Remembering the life of `Evita'


A now-retired Hopkins physician once tended to the charismatic Argentinian first lady


Evita, the long-running hit Broadway musical now at the Hippodrome about the life of Eva Peron, wife of Argentinian dictator Juan Peron, has special significance for Dr. George G. Udvarhelyi, the internationally renowned Johns Hopkins neurosurgeon.

The physician was born and educated in Hungary, and he worked in the Underground against the Nazi occupation of his homeland during World War II. He barely managed to escape deportation to Siberia when the Russians took over.

Udvarhelyi's odyssey, which would take him to Argentina as a young surgical resident, began on a spring-like day in February 1948 when he boarded a steamer in Genoa, Italy.

To his astonishment, he recognized that several of his fellow passengers, traveling in disguise with bodyguards dressed in dark shirts and sunglasses, were former SS military and Nazi representatives he had known in Budapest.

"It suddenly dawned on me that Argentina may be a country which could be considered a refuge for all those dubious elements who survived the war and changed personalities and clothes while trying to embark on a new existence," he wrote in an unpublished memoir.

During the 10-day voyage, Udvarhelyi and the other passengers read about their new homeland.

"We realized that there was a character there called Mr. Peron, who evidently had a military background, who attracted `experts' of a dictatorial system, which he was in the process of consolidating in that country," he wrote. "Our doubts about leaving Europe were further accentuated by the recognition that we were heading toward a land which might be another variant of the same systems we had managed to escape."

The other day, while sipping tea in the book-lined sitting room of his Cross Keys apartment in North Baltimore, which he shares with his wife of 49 years, Elspeth , Udvarhelyi, 85, recalled those days for a visitor.

"Let me tell you, after Paris and Rome, Buenos Aires was one of the world's great international cities. It was multilingual and had a high level of culture. There were wonderful theaters, concerts and restaurants," he said.

Udvarhelyi was working at the Institute of Neurosurgery at the University of Buenos Aires when he first saw Eva Peron standing on a balcony. He would eventually see her as a patient.

"She was talking about the descamisados, shirtless people, and the simple life, while wearing a million dollars' worth of jewelry," he said.

Maria Eva Ibarguren Duarte de Peron, who was born poor and illegitimate, was 15 when she arrived in Buenos Aires, planning to become an actress. In 1944, she met Col. Juan D. Peron, then minister of labor, and they were married the next year. He was elected president in 1946.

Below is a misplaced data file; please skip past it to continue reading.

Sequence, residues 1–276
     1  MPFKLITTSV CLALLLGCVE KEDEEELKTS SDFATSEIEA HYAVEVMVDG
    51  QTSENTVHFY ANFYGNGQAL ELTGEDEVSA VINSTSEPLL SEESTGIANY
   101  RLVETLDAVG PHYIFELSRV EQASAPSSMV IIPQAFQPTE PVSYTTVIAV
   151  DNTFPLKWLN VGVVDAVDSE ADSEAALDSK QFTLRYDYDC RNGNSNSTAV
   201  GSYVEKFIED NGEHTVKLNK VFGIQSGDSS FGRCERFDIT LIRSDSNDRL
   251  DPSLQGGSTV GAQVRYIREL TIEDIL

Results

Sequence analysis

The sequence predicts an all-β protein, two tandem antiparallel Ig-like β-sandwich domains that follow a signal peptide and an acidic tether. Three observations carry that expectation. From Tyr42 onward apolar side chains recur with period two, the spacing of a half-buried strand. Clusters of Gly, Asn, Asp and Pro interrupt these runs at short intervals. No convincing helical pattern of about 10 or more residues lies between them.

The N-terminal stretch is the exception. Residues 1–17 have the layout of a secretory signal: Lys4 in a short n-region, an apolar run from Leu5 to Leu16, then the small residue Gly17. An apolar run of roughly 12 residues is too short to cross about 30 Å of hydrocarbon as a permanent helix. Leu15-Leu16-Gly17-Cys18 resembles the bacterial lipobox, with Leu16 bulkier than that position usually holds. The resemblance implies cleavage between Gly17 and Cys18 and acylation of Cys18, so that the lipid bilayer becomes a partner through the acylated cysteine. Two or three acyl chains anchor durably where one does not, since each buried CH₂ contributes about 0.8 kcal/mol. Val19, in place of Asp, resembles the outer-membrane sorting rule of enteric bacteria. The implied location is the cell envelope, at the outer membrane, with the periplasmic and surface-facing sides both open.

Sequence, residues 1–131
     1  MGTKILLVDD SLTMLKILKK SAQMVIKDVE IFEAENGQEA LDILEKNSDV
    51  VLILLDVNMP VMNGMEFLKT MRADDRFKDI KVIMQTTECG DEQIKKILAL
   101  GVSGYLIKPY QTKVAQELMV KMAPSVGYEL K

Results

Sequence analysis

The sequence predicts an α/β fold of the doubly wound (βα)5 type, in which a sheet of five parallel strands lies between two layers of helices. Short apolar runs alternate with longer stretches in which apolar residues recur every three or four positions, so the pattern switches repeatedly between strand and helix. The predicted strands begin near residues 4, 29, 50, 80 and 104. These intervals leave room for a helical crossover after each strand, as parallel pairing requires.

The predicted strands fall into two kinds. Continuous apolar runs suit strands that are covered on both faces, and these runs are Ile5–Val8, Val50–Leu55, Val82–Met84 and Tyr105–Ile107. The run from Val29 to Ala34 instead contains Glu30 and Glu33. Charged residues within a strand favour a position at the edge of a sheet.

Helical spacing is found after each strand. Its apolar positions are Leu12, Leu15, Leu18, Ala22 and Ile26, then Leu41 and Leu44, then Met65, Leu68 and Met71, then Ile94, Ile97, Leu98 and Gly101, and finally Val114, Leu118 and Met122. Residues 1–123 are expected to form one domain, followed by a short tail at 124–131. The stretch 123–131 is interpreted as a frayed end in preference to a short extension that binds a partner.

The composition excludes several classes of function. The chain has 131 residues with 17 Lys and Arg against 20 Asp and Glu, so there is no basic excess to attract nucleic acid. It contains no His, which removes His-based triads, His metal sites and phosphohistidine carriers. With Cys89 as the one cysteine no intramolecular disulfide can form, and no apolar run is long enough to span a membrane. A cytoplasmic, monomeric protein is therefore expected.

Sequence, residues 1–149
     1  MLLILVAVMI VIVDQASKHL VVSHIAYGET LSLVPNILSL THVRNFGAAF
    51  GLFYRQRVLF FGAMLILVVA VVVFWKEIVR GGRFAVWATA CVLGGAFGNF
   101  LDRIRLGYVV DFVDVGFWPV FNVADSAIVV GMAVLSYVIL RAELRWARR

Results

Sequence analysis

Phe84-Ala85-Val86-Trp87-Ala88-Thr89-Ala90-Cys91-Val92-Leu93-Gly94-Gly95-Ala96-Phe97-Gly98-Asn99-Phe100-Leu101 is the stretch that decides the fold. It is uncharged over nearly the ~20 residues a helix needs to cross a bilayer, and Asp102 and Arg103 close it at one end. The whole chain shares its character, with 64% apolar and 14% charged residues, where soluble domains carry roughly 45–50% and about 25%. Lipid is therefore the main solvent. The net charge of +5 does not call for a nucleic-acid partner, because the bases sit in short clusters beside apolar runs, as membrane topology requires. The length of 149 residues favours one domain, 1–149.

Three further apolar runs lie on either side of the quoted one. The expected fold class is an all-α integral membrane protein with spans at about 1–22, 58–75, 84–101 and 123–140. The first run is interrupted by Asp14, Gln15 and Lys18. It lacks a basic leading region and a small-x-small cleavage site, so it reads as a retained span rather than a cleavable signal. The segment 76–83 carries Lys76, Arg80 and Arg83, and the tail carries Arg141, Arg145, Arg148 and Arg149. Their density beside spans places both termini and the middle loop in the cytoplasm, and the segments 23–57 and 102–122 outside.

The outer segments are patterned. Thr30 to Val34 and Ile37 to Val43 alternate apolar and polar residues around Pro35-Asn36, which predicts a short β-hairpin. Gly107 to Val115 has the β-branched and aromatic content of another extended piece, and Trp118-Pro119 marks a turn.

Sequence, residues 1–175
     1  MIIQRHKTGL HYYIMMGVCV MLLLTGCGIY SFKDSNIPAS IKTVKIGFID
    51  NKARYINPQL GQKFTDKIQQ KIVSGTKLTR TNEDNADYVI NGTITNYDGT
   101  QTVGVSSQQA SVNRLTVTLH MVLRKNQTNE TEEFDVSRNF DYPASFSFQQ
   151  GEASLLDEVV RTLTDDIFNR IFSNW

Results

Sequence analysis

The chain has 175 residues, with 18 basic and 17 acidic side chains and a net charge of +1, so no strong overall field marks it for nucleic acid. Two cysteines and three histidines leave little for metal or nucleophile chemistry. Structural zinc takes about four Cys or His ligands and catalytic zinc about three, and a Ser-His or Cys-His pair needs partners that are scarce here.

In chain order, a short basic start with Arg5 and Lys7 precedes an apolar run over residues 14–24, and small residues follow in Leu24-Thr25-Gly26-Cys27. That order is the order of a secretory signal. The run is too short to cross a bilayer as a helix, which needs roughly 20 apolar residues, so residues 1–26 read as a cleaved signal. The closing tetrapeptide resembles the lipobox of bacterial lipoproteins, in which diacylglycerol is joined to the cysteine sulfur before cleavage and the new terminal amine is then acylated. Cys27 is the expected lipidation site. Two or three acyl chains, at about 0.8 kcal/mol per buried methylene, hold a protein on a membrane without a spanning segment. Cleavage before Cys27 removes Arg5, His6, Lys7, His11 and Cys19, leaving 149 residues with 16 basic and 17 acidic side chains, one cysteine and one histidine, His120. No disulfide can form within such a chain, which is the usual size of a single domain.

Argentina's blond and glamorous first lady, Eva Peron was ignored by the country's aristocrats who thought her a woman of questionable morals and limitless ambition.

"The aristocracy treated her very badly. They invited me to tea at Harrods, and in walked Evita. They stood up and walked out on her. You could see the hurt on her face," Udvarhelyi said.

"Evita was ... of average height. She was very elegant, wore lots of jewelry and had beautiful hair. She had an elegant walk and had learned how to behave like a lady despite her background," he said. "She was a very lively person who made eye contact and would gesticulate during conversation."

Unhappy with the results of a scientific exploration to Patagonia, Peron did little to suppress his anger at an official reception.

"She was very gracious and tried to soothe him. Evita really was the brain between the two of them. Soon after, she was diagnosed with cervical cancer, and we knew she was in a great deal of pain," Udvarhelyi said.

"A prefrontal lobotomy was performed for the pain and afterward, she became an emaciated lady. We saw her several more times at the institute. She became quite a pathetic person," he said.

Eva Peron's death July 26, 1952, at age 33 plunged the nation into deep mourning.

Embalmed and dressed in a white evening dress, her body was placed in a glass-topped mahogany coffin that rested on a catafalque in the Ministry of the Interior.

Udvarhelyi was sent to the funeral chamber as part of a medical team that assisted mourners who became hysterical with grief or collapsed from seizures.

"The room was draped with heavy curtains, and the air was filled with the scent from banks of flowers that lined the room. Peron and his generals stood there shaking hands for 2 1/2 days with hundreds of thousands of people, while a soldier kept wiping and cleaning the glass over Evita's face," he said.

"It was like show business or something from the decadent days of the Roman Empire. Crowds came from the provinces to mourn, and the line to get into the building stretched for more than a mile."

Udvarhelyi remembers hearing the chant of the hysterical crowds calling from the streets that penetrated the room: "Evita, Evita, why did you leave us, why don't you come back?"

Udvarhelyi left Argentina the next year, and came to Johns Hopkins Hospital in 1957 as an instructor and assistant resident in neurosurgery. He became a professor in 1969 and retired in 1984.

After being overthrown by a military coup in 1955, Peron was exiled to Madrid. His wife's remains then began a two-decade journey that took her from Argentina to Italy, Spain and finally back to Argentina in 1974. Her coffin now rests under three layers of steel designed to discourage grave robbers.

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